Human Rights Action (HRA) presented the report on deprivation of legal capacity in Montenegro by the author Kosana Beker in the presence of Ombudsman, Mr. Šućko Baković, H.E. Ambassador Aivo Orav, Head of EU Delegation in Montenegro, Mr. Goran Kuševija, deputy minister for labour and social care and Mr. Smail Ismailović, judge of the Basic Court in Podgorica.
Persons deprived of legal capacity are brought into a state of “civil death”, they are deprived of many human rights and find themselves in the position of an object of protection, rather than a person that can make decisions with appropriate support. The Convention on the Rights of Persons with Disabilities (CRPD) calls for the change of awareness about legal capacity of persons with disabilities, the society has to adjust to them and ensure that they enjoy human rights like everyone else, was concluded at the presentation.
Regulations ordering proceedings of deprivation and limitation of legal capacity are incompatible with CRPD, which in Article 12 stipulates that legal capacity cannot be taken away or restricted only on the basis of disability. Also, the case-law analysis has shown that the standard on the right to a fair trial under the European Convention on Human Rights has not been respected in such proceedings.
From a total of 331 analyzed decisions, legal capacity was completely removed in as much as 284 cases (85.8%), the decision on partial deprivation of legal capacity was made in only seven cases (2.1%), and only in one case the legal capacity was returned (0.3%). In 39 processes the proposal for deprivation of legal capacity was withdrawn or rejected (11.8%).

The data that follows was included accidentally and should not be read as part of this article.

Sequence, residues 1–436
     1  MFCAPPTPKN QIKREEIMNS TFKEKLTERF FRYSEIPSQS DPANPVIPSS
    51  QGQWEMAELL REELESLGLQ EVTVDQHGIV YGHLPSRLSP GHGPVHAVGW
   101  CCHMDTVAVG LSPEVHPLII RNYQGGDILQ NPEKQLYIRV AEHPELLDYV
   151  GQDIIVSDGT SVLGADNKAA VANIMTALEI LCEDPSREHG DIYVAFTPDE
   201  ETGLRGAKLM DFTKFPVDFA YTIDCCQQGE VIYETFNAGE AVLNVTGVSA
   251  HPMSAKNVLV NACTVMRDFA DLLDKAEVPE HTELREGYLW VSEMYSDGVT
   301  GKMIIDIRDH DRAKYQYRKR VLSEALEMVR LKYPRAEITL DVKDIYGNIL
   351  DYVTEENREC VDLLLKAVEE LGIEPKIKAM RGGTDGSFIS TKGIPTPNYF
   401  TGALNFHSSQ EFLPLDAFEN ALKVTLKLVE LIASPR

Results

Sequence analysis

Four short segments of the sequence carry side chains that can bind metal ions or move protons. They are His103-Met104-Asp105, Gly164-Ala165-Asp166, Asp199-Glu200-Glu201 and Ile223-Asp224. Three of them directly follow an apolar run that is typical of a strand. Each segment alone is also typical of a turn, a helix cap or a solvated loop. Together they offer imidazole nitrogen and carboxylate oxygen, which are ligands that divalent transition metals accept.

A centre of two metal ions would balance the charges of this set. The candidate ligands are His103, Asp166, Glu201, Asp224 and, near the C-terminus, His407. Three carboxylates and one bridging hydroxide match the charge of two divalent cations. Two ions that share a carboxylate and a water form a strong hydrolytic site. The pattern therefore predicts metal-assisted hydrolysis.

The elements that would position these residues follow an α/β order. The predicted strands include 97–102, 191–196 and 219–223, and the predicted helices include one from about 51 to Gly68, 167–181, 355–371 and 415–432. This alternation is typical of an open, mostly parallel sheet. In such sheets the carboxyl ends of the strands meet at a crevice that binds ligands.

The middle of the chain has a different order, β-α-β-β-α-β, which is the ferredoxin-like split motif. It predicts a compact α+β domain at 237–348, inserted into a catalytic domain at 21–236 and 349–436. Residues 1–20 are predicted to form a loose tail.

Regarding participation of the person in the process, it is worrying that in over 60% of cases the person was not heard in the proceeding or there is no data about the person being heard. The fact that in 96% of cases there were no objections to the proposal for deprivation of legal capacity indicates potential problems related to legal representation of persons whose laval capacity is at stake. One of the conclusions of the meeting is to provide that in every case of deprivation or limitation of legal capacity a person should be represented by a lawyer and provided with free legal assistance, as has been already provided in the procedure of compulsory hospitalisation.
Several laws and regulations need to be harmonised with CRPD as soon as possible, but in the meantime all relevant international standards should be directly applied, in accordance with Article 9 of the Constitution of Montenegro.
The report was presented within the project “Beyond exclusion – effective rights for mental health patients” implemented by the Human Rights Action (HRA), Center for Women and Peace Education ANIMA and Mental Disability Advocacy Center (MDAC) and supported by the European Union and Kotor Municipality.